Research What Are You Reading? (February 29–March 6)

What Are You Reading? (February 29–March 6)

With all the election hysteria going on at the moment—illustrated most recently by The New York Times‘s interesting account of the Republican establishment’s attempts to stop the Trump campaign—it is worth asking where our political differences originate. Though this is hardly a question that can be answered in one book—or even a hundred—there have been some novel attempts, in the last couple of years, to contrast the science of neurology with the field of politics. A reading group I participate in has been going through some of the literature on this topic, and I would recommend that anyone interested in this question take a look at the books we have read. They are Catherine Malabou’s What Should We Do with Our Brain? and Jonathan Haidt’s The Righteous Mind.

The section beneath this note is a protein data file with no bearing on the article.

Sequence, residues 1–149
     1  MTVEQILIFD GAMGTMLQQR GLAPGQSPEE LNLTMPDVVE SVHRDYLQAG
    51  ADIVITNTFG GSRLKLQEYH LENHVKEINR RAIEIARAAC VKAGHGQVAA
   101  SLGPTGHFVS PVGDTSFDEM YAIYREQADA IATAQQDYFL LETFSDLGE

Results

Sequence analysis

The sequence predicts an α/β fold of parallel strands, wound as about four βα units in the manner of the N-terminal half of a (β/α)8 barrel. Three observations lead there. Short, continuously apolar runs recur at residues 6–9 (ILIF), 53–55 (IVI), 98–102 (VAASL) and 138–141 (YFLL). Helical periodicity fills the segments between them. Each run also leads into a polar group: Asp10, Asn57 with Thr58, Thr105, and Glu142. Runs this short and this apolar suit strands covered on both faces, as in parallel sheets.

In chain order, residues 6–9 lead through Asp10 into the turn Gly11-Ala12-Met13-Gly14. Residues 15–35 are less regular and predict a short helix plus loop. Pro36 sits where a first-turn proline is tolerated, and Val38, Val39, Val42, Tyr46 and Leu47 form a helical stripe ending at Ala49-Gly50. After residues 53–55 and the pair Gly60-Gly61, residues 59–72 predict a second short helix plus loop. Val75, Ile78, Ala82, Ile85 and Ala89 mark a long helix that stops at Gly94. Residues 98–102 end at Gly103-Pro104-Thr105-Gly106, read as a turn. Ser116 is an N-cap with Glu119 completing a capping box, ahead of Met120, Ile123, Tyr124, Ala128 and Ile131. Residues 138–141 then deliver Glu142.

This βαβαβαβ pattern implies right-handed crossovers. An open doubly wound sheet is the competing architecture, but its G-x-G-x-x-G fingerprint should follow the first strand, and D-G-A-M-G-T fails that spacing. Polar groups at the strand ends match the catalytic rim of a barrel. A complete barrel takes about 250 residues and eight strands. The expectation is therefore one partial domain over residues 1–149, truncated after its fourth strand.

What are you reading?


  1. I would suggest, for your reading group, not simply to contrast “the science of neurology with the field of politics” but to broaden your thinking by inviting in some other viewpoints, both Iain McGilchrist’s The Master and His Emissary: The Divided Brain and the Making of the Modern World (2009) and John Searle’s The Construction of Social Reality (1995) and Making the Social World (2010). Recognizing the extent to which our present social institutions are linguistic constructions (and hence can be re-constructed, if we muster the collective awareness that we can do so), and combining that insight with the realization that thinking in terms of linguistic re-presentations is only ONE way of thinking (there is an alternative way of approaching the world, thanks to our hemispheric asymmetry, one that can help us see what’s wrong with many of our existing linguistic constructions), should be received as very good news indeed.


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